In the beginning, the press could not understand our refusal of all personal publicity. They were genuinely baffled by our insistence upon anonymity. Then they got the point. Here was something rare in the world—a society which said it wished to publicize its principles and its work, but not its individual members. The press was delighted with this attitude. Ever since, these friends have reported A.A. with an enthusiasm which the most ardent members would find hard to match.
— TWELVE STEPS AND TWELVE TRADITIONS, p. 182
In the years before the publication of the book, "Alcoholics Anonymous," we had no name. . . . By a narrow majority the verdict was for naming our book "The Way Out." . . . One of our early lone members . . . found exactly twelve books already titled "The Way Out.". . . So "Alcoholics Anonymous" became first choice. That's how we got a name for our book of experience, a name for our movement and, as we are now beginning to see, a tradition of the greatest spiritual import.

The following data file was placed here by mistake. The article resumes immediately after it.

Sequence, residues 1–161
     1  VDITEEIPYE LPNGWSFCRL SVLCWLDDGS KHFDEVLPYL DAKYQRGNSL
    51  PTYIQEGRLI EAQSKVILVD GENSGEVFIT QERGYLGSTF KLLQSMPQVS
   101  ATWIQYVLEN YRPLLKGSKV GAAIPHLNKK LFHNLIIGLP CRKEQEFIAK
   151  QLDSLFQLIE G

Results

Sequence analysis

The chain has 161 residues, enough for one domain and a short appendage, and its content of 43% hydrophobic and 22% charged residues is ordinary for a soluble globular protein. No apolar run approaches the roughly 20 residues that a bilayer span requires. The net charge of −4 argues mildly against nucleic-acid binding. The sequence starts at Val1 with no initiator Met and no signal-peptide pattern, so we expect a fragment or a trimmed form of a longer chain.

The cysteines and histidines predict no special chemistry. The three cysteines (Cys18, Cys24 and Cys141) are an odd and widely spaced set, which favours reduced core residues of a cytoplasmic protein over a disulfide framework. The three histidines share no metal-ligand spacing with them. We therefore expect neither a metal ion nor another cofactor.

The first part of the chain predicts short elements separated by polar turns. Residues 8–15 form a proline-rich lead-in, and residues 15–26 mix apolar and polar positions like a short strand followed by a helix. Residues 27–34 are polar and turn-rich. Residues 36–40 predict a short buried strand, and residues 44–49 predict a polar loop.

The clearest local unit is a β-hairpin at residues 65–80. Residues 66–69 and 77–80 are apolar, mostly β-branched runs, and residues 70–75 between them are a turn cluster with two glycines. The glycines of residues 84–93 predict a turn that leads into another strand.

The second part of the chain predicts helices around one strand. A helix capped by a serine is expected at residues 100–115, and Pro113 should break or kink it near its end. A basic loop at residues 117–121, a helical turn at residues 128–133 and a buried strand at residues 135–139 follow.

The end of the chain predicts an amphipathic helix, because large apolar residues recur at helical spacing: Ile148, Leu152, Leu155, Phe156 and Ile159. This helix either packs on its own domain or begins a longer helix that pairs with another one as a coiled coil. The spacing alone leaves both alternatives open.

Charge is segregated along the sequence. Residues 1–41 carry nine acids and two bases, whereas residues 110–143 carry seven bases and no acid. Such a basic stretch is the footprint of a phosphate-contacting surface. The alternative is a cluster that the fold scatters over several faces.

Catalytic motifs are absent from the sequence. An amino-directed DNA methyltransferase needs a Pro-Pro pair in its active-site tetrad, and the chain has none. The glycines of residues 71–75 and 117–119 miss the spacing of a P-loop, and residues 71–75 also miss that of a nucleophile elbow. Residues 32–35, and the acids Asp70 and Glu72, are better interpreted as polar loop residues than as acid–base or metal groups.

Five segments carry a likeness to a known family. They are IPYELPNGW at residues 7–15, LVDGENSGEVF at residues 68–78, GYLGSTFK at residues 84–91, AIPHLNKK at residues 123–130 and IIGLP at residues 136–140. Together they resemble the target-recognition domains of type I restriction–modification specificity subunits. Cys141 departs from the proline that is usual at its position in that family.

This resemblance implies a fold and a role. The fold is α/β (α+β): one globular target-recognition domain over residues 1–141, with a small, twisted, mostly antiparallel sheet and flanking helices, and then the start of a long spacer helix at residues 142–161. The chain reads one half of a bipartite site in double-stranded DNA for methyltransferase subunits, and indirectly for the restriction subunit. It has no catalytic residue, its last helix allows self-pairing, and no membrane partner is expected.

— "A.A. TRADITION: HOW IT DEVELOPED," pp. 35-36
. . . when making specific requests, it will be well to add to each one of them this qualification. ". . . if it be Thy will."
— TWELVE STEPS AND TWELVE TRADITIONS, p. 102
I ask simply that throughout the day God place in me the best understanding of His will that I can have for that day, and that I be given the grace by which I may carry it out. As the day goes on, I can pause when facing situations that must be met and decisions that must be made, and renew the simple request: "Thy will, not mine, be done."